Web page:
“In America the biggest is the best.”
Born in New York City in 1923, Roy Lichtenstein studied at the Art Students League and later enrolled at Ohio State University. After serving in the army from 1943 to 1946, he returned to Ohio State to get a master’s degree and to teach. It was in 1951 that Lichtenstein returned to New York City and had his first one–man show.
Throughout the 1950s, Lichtenstein’s style was based in abstract expressionism, but also incorporated themes such as cowboys and Indians and paper money. It was 1961 while at Douglass College that Lichtenstein became impressed by the work of colleague Allan Kaprow and began using the comic–strip and cartoon figures for which he is known today.
His use of the “benday dot,” a printing process that is similar to pointillism in which small dots of color are used to form an image replaced shades of color. On occasion, he would also recompose a comic strip scene, project it on to canvas and then stencil in dots. Primary colors—red, yellow and blue, heavily outlined in black—became his favorites. Occasionally he used green. Instead of shades of color, he used the benday dot, a method by which an image is created, and its density of tone modulated in printing. Sometimes he selected a comic–strip scene, recomposed it, projected it onto his canvas and stenciled in the dots. “I want my painting to look as if it had been programmed,” Lichtenstein explained. Despite the fact that many of his paintings are relatively small, Lichtenstein’s method of handling his subject matter conveys a sense of monumental size. His images seem massive.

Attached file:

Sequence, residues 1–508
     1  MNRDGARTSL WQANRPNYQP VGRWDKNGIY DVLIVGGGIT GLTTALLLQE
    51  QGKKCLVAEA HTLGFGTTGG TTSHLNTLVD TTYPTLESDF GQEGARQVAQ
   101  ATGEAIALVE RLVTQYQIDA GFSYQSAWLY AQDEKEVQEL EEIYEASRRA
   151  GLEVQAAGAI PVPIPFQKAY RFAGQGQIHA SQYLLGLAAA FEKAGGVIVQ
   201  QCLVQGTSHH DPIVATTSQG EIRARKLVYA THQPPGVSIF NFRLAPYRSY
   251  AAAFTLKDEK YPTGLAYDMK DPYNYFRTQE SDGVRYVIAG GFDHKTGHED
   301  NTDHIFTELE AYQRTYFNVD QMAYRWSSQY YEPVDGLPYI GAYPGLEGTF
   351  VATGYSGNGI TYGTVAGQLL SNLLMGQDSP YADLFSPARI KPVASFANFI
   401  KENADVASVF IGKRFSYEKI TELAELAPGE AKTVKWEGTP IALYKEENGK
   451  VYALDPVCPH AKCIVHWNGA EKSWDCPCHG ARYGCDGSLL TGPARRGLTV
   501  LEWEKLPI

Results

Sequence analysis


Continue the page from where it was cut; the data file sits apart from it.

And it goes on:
Since 1962, he has turned to the work of artists such as Picasso, Mondrian, and even Monet as inspiration for his work. In the mid–1960s, he also painted sunsets and landscapes in his by–nowfamiliar style. In addition, he has designed ceramic tableware and graphics for mass production. “I’m interested in portraying a sort of antisensibility that pervades society,” Lichtenstein says, summing up his work.